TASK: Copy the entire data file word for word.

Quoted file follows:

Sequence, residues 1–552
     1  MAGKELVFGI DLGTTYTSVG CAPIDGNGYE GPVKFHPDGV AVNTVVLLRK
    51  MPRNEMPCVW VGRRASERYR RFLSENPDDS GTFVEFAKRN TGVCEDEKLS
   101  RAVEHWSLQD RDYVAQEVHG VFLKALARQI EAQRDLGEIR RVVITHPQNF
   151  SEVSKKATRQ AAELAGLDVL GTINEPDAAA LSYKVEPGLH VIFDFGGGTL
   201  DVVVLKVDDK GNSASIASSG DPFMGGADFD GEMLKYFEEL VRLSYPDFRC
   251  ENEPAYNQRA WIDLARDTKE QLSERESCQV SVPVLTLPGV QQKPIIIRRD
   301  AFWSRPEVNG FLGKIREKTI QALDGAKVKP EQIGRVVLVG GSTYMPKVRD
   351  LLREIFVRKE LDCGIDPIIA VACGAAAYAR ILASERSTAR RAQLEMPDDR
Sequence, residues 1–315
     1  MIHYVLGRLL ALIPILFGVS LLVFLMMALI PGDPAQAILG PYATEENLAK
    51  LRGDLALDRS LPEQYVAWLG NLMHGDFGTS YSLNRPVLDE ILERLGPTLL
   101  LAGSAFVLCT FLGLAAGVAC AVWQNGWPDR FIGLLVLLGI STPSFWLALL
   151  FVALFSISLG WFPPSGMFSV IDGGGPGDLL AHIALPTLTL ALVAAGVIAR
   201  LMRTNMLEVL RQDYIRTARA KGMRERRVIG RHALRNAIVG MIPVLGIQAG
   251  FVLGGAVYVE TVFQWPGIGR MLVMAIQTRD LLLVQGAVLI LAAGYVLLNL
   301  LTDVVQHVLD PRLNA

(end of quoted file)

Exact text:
Sequence, residues 1–552
     1  MAGKELVFGI DLGTTYTSVG CAPIDGNGYE GPVKFHPDGV AVNTVVLLRK
    51  MPRNEMPCVW VGRRASERYR RFLSENPDDS GTFVEFAKRN TGVCEDEKLS
   101  RAVEHWSLQD RDYVAQEVHG VFLKALARQI EAQRDLGEIR RVVITHPQNF
   151  SEVSKKATRQ AAELAGLDVL GTINEPDAAA LSYKVEPGLH VIFDFGGGTL
   201  DVVVLKVDDK GNSASIASSG DPFMGGADFD GEMLKYFEEL VRLSYPDFRC
   251  ENEPAYNQRA WIDLARDTKE QLSERESCQV SVPVLTLPGV QQKPIIIRRD
   301  AFWSRPEVNG FLGKIREKTI QALDGAKVKP EQIGRVVLVG GSTYMPKVRD
   351  LLREIFVRKE LDCGIDPIIA VACGAAAYAR ILASERSTAR RAQLEMPDDR
Sequence, residues 1–315
     1  MIHYVLGRLL ALIPILFGVS LLVFLMMALI PGDPAQAILG PYATEENLAK
    51  LRGDLALDRS LPEQYVAWLG NLMHGDFGTS YSLNRPVLDE ILERLGPTLL
   101  LAGSAFVLCT FLGLAAGVAC AVWQNGWPDR FIGLLVLLGI STPSFWLALL
   151  FVALFSISLG WFPPSGMFSV IDGGGPGDLL AHIALPTLTL ALVAAGVIAR
   201  LMRTNMLEVL RQDYIRTARA KGMRERRVIG RHALRNAIVG MIPVLGIQAG
   251  FVLGGAVYVE TVFQWPGIGR MLVMAIQTRD LLLVQGAVLI LAAGYVLLNL
   301  LTDVVQHVLD PRLNA